Tuesday, April 26, 2011

There's Something to the Saying "Nice Guys Finish Last"

Hopefully our family will never understand discrimination to its fullest extent, but every once in a while, we do experience something just because of our nationality. Being, in particular American, we are sometimes even told by the people here that they do not like us. When we ask why, there are different reasons given. Among the top reasons given are the following:

1. America needs to stay out of other country's affairs. By this, the people here are usually referring to Iraq, the war there and other similar incidents in the world.

2. America needs to do more in certain incidents in the world, such as the situation in Libya. (This is funny because it is a direct contradiction of #1.)

3. The people in America are rich. A lot of people here see America as a very rich nation, and the American people are sometimes portrayed as spoiled and wasteful, and that they are uncaring to other countries and the problem of poverty.

4. Americans hate Islam and anything to do with it.

I am not writing this blog-post to make you feel sorry for me or to even make you think bad of the people here. The people here are a lot like us, and when you get to know them as well as we have, you start to understand that. Like us, they believe what they are taught, their media is a little biased, and they are scared of what they don't know and understand.

While discrimination usually happens because of the bad thoughts someone has towards others, we actually felt "discriminated" against because of good thoughts someone had towards us. We were sitting at a coffee shop that we frequent quite often. Our son was getting a meal from another restaurant and was going to meet us at the coffee shop. Well, when he arrived with his meal, we were told we could not bring the food onto the grounds of the coffee shop. Now, we would have had no problem with this, but we see the nationals here do it ALL OF THE TIME. When Tim confronted the manager with this, he denied it. After a few minutes of talk back and forth, the manager finally admitted it. He actually said that the people here are too hard to deal with. If confronted, they are totally unpredictable to how they might react. Tim tried to tell him how discriminating that was; that this guy was actually forbidding us to do something they allow others to do because "we were nice people". It isn't like we were dealing with a manager we had never met before either. We have gone to various branches of this coffee shop for at least 7-8 years, and we have known this young man from the very beginning. I think it would have been easier dealing with a complete stranger than with someone we have known for so long. Well, I am disappointed, because we told them we would no longer return to their establishment if they could not be just and fair to everyone, but I am not disappointed about being discriminated against for being "nice people".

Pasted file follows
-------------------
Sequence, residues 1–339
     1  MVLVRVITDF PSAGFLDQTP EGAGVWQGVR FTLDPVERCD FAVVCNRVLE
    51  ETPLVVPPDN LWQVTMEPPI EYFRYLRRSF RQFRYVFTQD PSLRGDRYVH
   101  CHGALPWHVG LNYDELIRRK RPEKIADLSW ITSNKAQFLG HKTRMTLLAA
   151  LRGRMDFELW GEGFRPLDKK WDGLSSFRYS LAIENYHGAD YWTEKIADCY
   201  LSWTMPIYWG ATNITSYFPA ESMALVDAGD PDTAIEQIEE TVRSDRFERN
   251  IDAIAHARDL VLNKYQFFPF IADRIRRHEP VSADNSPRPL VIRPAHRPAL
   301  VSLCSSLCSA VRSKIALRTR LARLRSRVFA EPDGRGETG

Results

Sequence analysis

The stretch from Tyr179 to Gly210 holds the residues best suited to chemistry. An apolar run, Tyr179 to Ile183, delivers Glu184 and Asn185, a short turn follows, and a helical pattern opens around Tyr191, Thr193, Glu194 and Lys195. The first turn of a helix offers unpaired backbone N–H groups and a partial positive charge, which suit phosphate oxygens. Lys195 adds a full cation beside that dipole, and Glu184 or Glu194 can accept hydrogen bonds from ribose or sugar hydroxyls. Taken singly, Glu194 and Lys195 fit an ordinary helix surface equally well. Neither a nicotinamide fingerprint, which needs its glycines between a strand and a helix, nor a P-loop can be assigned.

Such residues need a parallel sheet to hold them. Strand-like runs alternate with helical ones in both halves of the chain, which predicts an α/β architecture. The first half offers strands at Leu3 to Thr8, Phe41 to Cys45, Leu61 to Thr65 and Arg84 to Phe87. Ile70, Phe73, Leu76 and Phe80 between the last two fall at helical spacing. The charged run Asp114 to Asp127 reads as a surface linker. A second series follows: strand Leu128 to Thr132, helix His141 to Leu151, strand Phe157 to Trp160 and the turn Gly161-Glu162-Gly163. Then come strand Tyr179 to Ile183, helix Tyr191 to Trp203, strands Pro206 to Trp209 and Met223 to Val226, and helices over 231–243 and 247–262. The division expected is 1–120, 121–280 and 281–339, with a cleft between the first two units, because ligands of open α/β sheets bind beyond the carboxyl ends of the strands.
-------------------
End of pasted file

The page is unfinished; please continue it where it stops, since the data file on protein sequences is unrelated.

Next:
1. Interesting. I've received some anti-american comments here in France, mostly from people who know no Americans and have never traveled to the US.
    Oh well. Good for you that you told him how you felt.